The True Cost of Fast Fashion

After a fantastic #Ethicalhour session on Monday 22nd April on Twitter. I made some great connections to start my networking journey throughout the ethical fashion network, learning from each other to help drive the industry forward even more and support pioneers like Safia Minney who has already created successful brands like Po-zu footwear & People Tree

The documentary has touched my soul in so many ways, and inspired the drive behind creating my business The Maverick Store. It takes you through the real goings on of what goes on in manufacturing in the fashion industry in Bangladesh. It has surely sparked my research journey in researching more about workers rights, fashion law and what the future of sustainable fashion should be. 

Since 2013, the Rana Plaza factory collapse has sparked a huge debate within the fast fashion industry about working conditions and cheap labour. No one should die for fashion. The collapse of the factory on the outskirts of the capital, Dhaka, in April 2013 killed more than 1100 people, placing scrutiny on major brands and sparking demands for better safety in the world's second largest exporter of ready made garments. 

6 years on, large fashion companies are still putting pressure on Bangladeshi garment suppliers to keep prices low and make clothing faster, a new report by the Human Rights Watch which was released today. 

The 66 page report, "Paying for a bus ticket and expecting to Fly':How Apparel Brand Purchasing Practices Drive Labour Abuses," identifying key practices by clothing companies that fuel abusive cost-cutting methods by factories that harm worker. Click here to find the full report. 

Human rights watch interviewed people that work in factories in countries like Pakistan, Bangladesh, Cambodia, India, Myanmar and suppliers from South and South East Asia. The experts working with the people have over 10 years experience working for brands placing orders with factories, along side other industry experts.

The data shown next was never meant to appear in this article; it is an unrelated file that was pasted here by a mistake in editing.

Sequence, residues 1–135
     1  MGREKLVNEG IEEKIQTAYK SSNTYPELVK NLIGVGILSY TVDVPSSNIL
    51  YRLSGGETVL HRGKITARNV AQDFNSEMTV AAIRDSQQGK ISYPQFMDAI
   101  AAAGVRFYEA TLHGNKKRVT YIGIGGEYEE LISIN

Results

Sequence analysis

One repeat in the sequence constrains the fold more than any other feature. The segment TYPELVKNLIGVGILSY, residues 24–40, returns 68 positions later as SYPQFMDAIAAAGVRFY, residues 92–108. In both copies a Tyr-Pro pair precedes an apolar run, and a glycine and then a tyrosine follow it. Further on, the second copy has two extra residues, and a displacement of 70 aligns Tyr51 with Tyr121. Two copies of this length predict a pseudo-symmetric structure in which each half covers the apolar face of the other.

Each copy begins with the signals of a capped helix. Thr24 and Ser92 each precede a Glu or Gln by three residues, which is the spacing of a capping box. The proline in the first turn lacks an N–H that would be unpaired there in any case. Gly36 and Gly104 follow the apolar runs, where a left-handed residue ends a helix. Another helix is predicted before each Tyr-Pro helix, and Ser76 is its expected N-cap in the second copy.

There are many aspects of the sourcing processes for brands that can effect where an item of clothing is made. If the brand is known globally they might own their own factories, and split the orders to different factories even by size. The complex process make it difficult to trace production and in the end can effect the productivity and quality of work coming out of the work force, especially how the workers are treated. 

Factories can also be subcontracted, this means that two or three brands could be coming out of the same factory, putting pressure on the workers to work at a faster pace with no breaks or any extra pay for the work they produce. 

The Human Rights Watch interviewed a Pakistani lady called Fawzia Khan, a 24 year old unmarried woman described the relentless pressure she is under - 

"I hate the jail-like atmosphere at the workplace, the ban on going to the bathroom, the ban on getting up to drink water, the ban on getting up at all during work hours...and the one hour that we are supposed to get off during the day is actually only half an hour in practise. I don't remember the last time I got a full one hour break."

Read the full report and more in-depth details here. I'm off to read the 66 page report, I will keep you posted on any interesting details in the next blog post. 


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